When it comes to social media marketing, LinkedIn tends to get brushed aside to make way for more popular and more fruitful platforms, such as Facebook, Twitter, and Pinterest. If you have a small business, it might be more difficult to find any value in LinkedIn (even Google+ seems to have more benefits, such as SEO).
I read a very interesting article recently: “10 Things LinkedIn won’t tell you”. Most of its insights―though aimed at individuals―made me even more doubtful about the platform’s usefulness for small businesses. Below are some important points from the article:
- We say social network, you say jobs site
LinkedIn markets itself as a “social network and online platform for professionals”… but analysts say that it’s more of a traditional jobs site… Indeed, many people spend time rejecting “I’d like to connect” invitations from total strangers… A jobs site doesn’t earn as much money from advertisers as a social network.
Why this is a problem: Any online marketing needs to be based on platforms which you can get value out of when you post/advertise on them. If LinkedIn truly is a jobs site, then unless your business is hiring, job hunters are not going to be able to help you.
- People don’t really hang out on LinkedIn
LinkedIn may have more members than Twitter’s registered 284 million monthly active users… But people don’t spend very much time hanging around–and more time spent on a website means more ad revenue…
People browse Twitter and Facebook news feeds for the latest news and updates from their friends and celebrities, but LinkedIn’s news feed tends to trend more toward work anniversaries, updates about the latest work/life issues and stories about using LinkedIn to network.
Why this is a problem: If people are spending less time on LinkedIn than other platforms, the chance that they’ll see―or take the time to search for―your company updates is minimal. If they are logging into the platform with Linkedin messaging tools, they’re more likely to be building their own profile and looking up connections. This means your page gets little or zero visibility.
- Our site is confusing
If the difference between endorsements and recommendations sounds confusing, it gets worse the deeper you get into the site… One theory: LinkedIn can be overwhelming to users partly because it tries to fulfill so many different services for job seekers, companies and recruiters… Users complained about the complex navigation and excessive emails from the site… Online forums are full of complaints about how confusing it is to sign up.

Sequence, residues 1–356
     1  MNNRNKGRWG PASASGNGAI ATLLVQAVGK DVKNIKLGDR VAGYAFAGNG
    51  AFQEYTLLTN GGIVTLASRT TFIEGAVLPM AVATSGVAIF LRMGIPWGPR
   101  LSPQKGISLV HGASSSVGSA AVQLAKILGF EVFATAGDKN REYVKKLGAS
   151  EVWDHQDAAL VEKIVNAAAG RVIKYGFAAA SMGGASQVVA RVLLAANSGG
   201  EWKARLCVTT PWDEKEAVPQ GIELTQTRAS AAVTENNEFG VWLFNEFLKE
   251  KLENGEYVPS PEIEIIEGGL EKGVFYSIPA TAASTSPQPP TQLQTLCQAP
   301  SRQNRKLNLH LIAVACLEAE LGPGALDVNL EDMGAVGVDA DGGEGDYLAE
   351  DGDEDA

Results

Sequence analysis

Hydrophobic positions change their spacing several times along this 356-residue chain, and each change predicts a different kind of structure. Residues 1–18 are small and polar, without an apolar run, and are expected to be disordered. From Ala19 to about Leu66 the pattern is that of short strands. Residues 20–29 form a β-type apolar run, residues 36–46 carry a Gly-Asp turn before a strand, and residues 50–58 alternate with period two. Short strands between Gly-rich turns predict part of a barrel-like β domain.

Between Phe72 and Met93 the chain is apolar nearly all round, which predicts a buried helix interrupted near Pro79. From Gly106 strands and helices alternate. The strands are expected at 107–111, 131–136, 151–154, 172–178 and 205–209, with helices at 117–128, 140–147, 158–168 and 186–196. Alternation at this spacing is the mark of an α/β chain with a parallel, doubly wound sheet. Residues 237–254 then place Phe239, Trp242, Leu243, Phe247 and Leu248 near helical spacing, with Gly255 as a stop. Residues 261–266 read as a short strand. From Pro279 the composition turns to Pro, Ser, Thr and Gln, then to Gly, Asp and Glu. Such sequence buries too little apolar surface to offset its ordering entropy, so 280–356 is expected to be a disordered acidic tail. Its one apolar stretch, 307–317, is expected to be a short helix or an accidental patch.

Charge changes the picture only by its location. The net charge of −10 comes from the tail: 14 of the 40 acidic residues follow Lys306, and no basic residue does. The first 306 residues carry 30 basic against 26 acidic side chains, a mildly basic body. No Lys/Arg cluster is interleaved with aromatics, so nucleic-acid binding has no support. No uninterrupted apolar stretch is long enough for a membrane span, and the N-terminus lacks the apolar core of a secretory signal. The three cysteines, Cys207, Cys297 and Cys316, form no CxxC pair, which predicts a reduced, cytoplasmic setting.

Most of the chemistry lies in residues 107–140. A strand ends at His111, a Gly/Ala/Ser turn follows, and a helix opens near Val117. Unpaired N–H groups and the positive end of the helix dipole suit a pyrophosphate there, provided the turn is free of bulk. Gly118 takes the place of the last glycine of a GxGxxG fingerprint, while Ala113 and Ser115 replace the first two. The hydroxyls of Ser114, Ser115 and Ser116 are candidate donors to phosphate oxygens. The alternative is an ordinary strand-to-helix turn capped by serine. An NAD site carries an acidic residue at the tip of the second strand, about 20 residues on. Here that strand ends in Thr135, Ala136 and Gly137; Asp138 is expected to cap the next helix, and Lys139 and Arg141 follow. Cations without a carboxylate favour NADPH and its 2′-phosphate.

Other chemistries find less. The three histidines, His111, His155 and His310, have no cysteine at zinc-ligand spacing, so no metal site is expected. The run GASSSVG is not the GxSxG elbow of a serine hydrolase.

Why this is a problem: This is a worrying fact. If users are struggling to even sign up or navigate the site, then your business profile/page is the last thing they’ll look for. Plus there are so much more ‘How-Tos’ and help guides available for the other platforms, that it might be worth focusing your attention elsewhere.
- Our needy members will creep you out & Fake profiles are getting out of control
LinkedIn members often have something to sell when they contact you. Members usually connect with potential business contacts, people in their industry and/or potential employers… And the mysterious silhouettes under “Who’s Viewed Your Profile” can spook some users.
LinkedIn is full of fake profiles, and some recruiting pros say the problem is getting worse… some experts say fake profiles are a bigger threat to LinkedIn than Facebook or Twitter, because LinkedIn asks members to pay for subscription services.
Why this is a problem: Privacy is an increasing concern online. Too many strangers on LinkedIn have contacted me demanding (not requesting) help. Facebook already penalizes business pages for being too promotional or spammy, but LinkedIn doesn’t have similar controls in place. The more LinkedIn becomes a hostile place for digital privacy, the less trust it will hold and consequently fewer people will sign up or spend time on the site.
- We need to attract younger users
Younger users are key to membership growth, but LinkedIn is the only one of the top five online platforms where members are more likely to be aged 30 to 64 than to be 18 to 29 years old… Only 23% of LinkedIn users are aged 18 to 29; 61% are aged 30 to 64, while 21% are aged 65 and over. Other sites have far more members in the 18-to-29 age bracket…
Why this is a problem: This is a major issue for audience growth. Any younger users that are using the site could simply be job seekers. Of course, this isn’t a problem if your only target audience or customers are ‘older’ consumers.
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These insights are overwhelmingly negative for LinkedIn marketing. In a next post, we’ll take a look at what you can do to make the most out of the platform. Do you see any benefit in using LinkedIn for small businesses?